Sakena and AIL have received international recognition for their efforts on behalf of Afghan women and children. In 2001, Sakena was awarded the Bill Graham award from the Rex Foundation in recognition of the efforts of the Afghan Institute of Learning to assist children who are victims of political oppression and human rights violations. AIL and Dr. Yacoobi are co-recipients of the 2003 Peacemakers in Action Award of the Tanenbaum Center for Inter-religious Understanding and the 2004 Women’s Rights Prize of the Peter Gruber Foundation. Sakena and AIL have received recognition of service awards from the Ministry of Education in Herat, Afghanistan, the district governments of Mir Bacha Kot, Shakardara, Kalakan, Farza, and sixth district Kabul Afghanistan and from numerous Afghan organizations. In 2005, Professor Yacoobi was awarded the Democracy Award from the National Endowment for Democracy. Sakena was among the 1,000 women nominated to jointly receive the 2005 Nobel Peace Prize. In 2006, Sakena received the Citizen Leader Award from the University of the Pacific in Stockton, California and the Skoll Award for Social Entrepreneurship. In January 2007, Sakena was inducted as a Senior Fellow, the first Ashoka Fellow from Afghanistan. In May 2007, Sakena was awarded an honorary doctorate of laws by the University of the Pacific for her leadership and human rights work for women and children. In December 2007, Sakena received the 2007 Gleitsman International Activist Award at Harvard University. In June 2008, Sakena received an honorary Doctor of Humanitarian Service degree from Loma Linda University, recognizing her distinguished contribution to society. In February 2009, Sakena received the 2009 Americans for UNFPA Board of Advocates Award for the Health and Dignity of Women. Sakena was cited by Americans for UNPFA as a tireless advocate for Afghan women, who has increased the literacy and improved the health of thousands of Afghan women and girls despite decades of armed conflict and a ban on girls education during Taliban rule. In March 2009, Sakena received the Henry R. Kravis Prize in Leadership for her outstanding work. In 2010, Sakena received the Jonathan Mann Award for Global Health and Human Rights, and the Asia Social Entrepreneur of the Year Award given by the Schwab Foundation. Yacoobi was one of the 1000 women worldwide who was collectively nominated for the Nobel Peace Prize in 2005. She was elected as an Ashoka Fellow in 2006, recognizing her leading work as a social entrepreneur. In 2007, Yacoobi received the Gleitsman International Activist Award from the Center for Public Leadership at Harvard's JFK School of Government. Yacoobi received the Gruber Prize for Women’s Rights in 2004 and the Democracy Award from the National Endowment for Democracy in 2005. She has also received a 2006 Skoll Award for Social Entrepreneurship.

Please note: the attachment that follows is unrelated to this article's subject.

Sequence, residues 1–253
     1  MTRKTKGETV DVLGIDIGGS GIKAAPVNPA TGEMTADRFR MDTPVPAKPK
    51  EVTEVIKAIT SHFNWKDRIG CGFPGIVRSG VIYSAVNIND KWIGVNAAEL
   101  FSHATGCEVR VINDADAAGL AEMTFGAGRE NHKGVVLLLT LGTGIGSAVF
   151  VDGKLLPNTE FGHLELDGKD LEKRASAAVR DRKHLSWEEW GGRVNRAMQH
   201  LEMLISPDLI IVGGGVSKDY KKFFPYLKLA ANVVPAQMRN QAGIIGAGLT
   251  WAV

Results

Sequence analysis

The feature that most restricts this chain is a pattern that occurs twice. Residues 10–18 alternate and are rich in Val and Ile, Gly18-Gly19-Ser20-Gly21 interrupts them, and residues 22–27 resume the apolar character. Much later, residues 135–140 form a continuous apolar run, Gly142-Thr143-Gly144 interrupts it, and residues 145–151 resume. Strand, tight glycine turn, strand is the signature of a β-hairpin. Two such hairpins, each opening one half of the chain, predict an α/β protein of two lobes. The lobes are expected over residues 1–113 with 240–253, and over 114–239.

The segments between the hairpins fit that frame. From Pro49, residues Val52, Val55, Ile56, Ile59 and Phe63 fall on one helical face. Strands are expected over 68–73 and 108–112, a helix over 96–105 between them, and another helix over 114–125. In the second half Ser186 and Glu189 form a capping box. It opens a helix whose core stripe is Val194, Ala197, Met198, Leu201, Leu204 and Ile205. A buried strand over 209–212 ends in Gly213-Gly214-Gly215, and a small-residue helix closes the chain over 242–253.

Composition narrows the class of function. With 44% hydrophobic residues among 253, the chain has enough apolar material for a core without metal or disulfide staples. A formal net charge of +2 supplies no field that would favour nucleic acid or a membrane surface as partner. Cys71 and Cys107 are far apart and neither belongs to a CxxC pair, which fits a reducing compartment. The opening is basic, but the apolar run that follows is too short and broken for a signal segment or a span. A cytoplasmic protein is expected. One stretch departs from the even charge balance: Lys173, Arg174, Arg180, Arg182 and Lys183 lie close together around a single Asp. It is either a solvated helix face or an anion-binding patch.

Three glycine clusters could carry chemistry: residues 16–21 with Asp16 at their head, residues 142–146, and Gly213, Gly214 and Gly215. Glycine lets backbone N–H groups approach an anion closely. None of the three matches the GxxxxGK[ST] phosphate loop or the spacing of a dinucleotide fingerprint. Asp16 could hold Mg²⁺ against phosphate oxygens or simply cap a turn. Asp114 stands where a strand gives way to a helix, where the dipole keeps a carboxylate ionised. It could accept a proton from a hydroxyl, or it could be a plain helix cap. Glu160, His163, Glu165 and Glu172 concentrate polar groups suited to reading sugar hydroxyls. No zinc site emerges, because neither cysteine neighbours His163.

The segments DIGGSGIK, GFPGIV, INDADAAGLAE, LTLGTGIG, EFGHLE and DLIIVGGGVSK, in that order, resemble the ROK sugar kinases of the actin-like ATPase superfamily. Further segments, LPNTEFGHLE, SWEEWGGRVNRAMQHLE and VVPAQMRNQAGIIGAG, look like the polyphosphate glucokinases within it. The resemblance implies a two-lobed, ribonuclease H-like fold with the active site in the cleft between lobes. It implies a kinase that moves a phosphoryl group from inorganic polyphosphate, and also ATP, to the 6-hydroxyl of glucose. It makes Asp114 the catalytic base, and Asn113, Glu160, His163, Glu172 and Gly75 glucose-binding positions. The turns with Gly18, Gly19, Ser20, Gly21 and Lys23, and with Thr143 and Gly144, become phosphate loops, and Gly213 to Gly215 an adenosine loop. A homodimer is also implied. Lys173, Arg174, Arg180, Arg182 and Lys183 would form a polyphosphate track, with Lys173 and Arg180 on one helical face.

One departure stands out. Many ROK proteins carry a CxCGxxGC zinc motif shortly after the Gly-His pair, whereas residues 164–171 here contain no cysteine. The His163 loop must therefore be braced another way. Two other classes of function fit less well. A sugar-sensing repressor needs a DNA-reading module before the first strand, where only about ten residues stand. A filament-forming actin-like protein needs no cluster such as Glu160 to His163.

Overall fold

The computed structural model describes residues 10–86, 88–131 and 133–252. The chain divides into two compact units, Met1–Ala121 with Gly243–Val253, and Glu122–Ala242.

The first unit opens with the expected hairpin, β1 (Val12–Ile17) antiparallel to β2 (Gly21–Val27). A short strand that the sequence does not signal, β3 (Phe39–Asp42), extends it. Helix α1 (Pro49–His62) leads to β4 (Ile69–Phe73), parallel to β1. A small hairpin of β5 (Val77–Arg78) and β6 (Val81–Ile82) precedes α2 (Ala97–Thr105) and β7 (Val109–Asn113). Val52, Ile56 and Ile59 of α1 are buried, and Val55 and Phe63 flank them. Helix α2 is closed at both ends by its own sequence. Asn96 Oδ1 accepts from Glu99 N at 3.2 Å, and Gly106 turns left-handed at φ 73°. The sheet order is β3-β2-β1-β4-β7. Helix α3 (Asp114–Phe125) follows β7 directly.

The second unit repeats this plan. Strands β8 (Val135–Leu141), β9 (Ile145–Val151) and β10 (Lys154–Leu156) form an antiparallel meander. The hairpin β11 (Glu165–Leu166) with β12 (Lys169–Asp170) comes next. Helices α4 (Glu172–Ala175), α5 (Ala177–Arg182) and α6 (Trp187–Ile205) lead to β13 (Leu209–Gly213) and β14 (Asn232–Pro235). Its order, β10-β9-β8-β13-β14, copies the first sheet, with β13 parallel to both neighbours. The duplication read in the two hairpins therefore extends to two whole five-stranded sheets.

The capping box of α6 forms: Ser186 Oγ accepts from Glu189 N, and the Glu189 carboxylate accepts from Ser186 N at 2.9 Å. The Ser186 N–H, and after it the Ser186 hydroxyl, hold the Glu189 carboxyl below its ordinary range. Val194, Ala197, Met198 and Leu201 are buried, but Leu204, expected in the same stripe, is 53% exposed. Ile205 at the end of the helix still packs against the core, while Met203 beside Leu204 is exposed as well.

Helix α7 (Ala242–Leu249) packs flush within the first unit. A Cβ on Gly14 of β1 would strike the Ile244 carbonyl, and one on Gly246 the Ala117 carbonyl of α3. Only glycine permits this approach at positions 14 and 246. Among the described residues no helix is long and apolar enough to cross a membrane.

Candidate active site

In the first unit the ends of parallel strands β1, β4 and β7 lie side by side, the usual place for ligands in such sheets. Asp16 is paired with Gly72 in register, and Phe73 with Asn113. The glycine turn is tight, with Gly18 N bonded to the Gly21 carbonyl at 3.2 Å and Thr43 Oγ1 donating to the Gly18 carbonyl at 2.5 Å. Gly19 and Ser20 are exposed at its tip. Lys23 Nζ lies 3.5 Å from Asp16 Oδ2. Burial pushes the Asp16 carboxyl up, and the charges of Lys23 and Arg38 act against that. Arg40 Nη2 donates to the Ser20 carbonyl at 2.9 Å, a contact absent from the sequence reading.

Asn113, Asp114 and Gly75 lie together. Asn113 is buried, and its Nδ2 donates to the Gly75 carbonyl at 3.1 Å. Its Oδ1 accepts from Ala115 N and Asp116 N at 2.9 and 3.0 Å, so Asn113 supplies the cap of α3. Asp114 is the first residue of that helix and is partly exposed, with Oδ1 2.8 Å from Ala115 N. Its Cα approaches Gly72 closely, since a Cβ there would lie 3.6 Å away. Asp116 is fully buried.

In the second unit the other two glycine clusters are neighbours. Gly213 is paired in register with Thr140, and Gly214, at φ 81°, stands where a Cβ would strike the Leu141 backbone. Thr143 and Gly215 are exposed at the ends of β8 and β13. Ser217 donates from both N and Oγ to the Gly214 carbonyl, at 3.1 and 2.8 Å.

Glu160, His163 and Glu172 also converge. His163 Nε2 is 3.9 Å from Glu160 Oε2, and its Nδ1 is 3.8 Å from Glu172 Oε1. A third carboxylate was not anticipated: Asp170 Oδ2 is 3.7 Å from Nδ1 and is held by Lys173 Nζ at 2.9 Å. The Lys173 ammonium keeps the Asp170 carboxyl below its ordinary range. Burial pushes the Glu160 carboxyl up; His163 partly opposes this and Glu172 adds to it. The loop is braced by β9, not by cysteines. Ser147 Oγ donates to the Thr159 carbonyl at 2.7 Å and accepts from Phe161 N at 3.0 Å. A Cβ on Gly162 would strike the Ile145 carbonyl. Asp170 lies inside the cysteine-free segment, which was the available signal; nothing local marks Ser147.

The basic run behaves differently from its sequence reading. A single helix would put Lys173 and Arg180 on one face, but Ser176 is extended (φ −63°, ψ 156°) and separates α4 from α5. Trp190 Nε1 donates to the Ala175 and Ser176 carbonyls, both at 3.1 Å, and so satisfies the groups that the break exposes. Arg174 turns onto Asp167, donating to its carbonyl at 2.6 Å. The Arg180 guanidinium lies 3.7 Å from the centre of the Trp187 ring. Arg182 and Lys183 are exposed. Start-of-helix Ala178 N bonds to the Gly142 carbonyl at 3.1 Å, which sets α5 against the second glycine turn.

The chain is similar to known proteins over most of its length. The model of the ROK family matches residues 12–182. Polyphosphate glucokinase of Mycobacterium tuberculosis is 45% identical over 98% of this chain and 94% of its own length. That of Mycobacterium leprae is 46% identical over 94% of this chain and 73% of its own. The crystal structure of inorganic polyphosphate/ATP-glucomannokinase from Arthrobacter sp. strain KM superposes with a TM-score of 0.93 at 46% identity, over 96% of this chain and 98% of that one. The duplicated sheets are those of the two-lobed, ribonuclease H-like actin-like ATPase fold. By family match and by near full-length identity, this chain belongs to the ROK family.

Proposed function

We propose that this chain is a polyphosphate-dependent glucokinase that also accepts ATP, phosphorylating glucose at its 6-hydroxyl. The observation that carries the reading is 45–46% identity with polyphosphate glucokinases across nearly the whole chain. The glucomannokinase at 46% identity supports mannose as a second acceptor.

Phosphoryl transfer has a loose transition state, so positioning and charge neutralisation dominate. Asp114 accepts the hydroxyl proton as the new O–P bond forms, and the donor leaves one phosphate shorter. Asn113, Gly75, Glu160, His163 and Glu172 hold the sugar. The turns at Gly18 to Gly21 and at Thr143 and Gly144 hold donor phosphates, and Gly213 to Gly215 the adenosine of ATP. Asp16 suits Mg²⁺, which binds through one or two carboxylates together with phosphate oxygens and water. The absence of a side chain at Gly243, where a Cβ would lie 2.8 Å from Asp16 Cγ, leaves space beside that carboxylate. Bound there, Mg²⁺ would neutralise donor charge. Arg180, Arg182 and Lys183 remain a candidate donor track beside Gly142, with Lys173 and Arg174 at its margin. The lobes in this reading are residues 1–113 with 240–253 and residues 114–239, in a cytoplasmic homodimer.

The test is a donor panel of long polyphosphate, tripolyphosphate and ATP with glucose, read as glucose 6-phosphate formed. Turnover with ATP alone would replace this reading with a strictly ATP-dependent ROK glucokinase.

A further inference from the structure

[Bio courtesy of Wikipedia]

  • Unlocking the Potential of Women

    Afghanistan, for about 35 years has been at war, and through this war situation, the women have been abused and violated against all the time, and also a major part of the society ignored the part of the woman... if you ignore 60% of society, you are not getting anywhere.

    Women have the capacity if you really give them the environment, if you really work with them and give them opportunity, they will blossom and they will nourish and they will be able to provide so much for the nation that the nation will go through transformation.